This might seem like a minor point, but in fact, in EU law, the independence of Data Protection Commissioners is considered a very Big Deal. So much so that the EU Commission has repeatedly sued member states whose Governments act to undermine that independence. After the most recent such case Commission -v- Hungary, the EU Justice Commissioner and Vice President of the Commission, Viviane Reding issued a strong warning;

The independence of national data protection authorities is the very cornerstone of guaranteeing effective data protection rights for our citizens. Lack of independence means lack of effective supervision and oversight, and a lowering of the level of data protection. The Commission has intervened three times with infringement cases against Member States to stop such incursions on the independence of data protection watchdogs. I will not hesitate to intervene again if necessary.”
Tell the Minister for Education: NO to POD

Dear Minister O’Sullivan:

I write to you regarding the Department of Education’s planned rollout of the new Primary Online Database (POD). I call on you to withdraw this system until the legitimate issues raised by parents and the wider public can be addressed:

It is unacceptable for your Department to gather sensitive, private data on every individual primary school child, including their racial profile, psychological assessments, special needs, religion, and PPS number, and store it until they are at least 30 years of age;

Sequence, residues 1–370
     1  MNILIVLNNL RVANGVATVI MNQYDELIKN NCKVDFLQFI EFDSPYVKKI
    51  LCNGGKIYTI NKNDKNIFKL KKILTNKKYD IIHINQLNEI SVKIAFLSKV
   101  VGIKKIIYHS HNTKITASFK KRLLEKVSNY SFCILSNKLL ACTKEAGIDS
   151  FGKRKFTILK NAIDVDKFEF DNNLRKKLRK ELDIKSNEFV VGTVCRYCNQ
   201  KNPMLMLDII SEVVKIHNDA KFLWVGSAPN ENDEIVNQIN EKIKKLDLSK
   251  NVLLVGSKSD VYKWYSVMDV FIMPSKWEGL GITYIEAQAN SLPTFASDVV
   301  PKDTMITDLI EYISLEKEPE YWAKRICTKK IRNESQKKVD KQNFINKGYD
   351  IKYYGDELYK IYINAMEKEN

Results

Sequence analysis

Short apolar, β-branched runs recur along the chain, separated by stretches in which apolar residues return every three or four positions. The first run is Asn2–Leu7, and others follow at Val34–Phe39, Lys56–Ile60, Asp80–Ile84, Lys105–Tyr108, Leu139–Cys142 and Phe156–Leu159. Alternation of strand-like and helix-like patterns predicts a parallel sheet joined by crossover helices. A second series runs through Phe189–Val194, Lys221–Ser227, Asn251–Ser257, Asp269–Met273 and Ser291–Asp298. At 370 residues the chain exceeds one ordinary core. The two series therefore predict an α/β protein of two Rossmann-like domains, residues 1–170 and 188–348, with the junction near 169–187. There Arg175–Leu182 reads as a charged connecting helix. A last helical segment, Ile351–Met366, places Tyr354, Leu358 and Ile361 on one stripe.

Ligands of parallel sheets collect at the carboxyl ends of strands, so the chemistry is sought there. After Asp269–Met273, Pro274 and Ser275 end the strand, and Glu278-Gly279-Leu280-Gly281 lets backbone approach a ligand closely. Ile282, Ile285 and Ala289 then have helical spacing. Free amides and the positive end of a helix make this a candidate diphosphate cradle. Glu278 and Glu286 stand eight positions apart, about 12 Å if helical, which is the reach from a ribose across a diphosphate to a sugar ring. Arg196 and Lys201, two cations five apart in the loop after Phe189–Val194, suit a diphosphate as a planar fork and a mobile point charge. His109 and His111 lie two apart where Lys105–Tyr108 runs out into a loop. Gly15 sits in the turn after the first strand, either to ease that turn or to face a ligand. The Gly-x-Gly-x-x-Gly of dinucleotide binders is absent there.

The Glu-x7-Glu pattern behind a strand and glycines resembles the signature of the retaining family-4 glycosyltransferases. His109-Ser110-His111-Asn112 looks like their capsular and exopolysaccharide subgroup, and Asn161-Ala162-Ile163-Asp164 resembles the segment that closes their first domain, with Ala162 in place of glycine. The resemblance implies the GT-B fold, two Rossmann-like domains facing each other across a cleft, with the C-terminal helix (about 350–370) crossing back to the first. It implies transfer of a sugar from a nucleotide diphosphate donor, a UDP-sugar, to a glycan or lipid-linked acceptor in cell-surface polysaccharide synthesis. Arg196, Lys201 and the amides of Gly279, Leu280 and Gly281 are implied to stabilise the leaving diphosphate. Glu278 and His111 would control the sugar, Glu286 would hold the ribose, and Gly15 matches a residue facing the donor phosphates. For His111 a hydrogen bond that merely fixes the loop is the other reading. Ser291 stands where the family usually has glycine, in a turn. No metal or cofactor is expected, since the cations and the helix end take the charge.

It is deeply worrying that school staff will be able to enter comments on any child into a system so poorly secured that the Department cannot guarantee who will be able to access them;

It is unrealistic to expect school staff to transfer this highly sensitive data to the Department of Education using a 17-step process so complex its been called ‘damn near unusable’;

When parents decline to have their children’s information unlawfully transferred to the POD database, it is outrageous to tell teachers to just go ahead and enter it anyway;

It is education extortion to threaten to remove funding and teacher allocations for children whose parents have made the decision not to enter their children’s details.

The Department may not simply ignore citizen’s data protection rights and legal protections, even when those citizens are children. Please scrap this POD scheme in the best interests of every school child in Ireland.
The parents of more than half a million children are currently receiving letters from their schools explaining the need for the data collection,
It was very civilised of the Irish Government that they wrote to every parent. I only wish the different British jurisdictions has been so polite. Very few parents are aware of the data that is collected on them by Government. I recently spoke to a science teacher who was completely unaware that the retruns she was completing ended up in central Government. Most concerningly, she said that such returns often contain mistakes. The obvious point being that such information could harm a child if misused in later years.

The only way that Data Protection laws can be properly satisfied is if every bit of information is checked by the parents before it is stored.


I really do not know why children's data has to be collected (except to sell it to the highest bidder). Or the data from any citizen. This smells.


Seriously was considering a move to Ireland, until I read more on the current state of affairs.
Sad, so sad.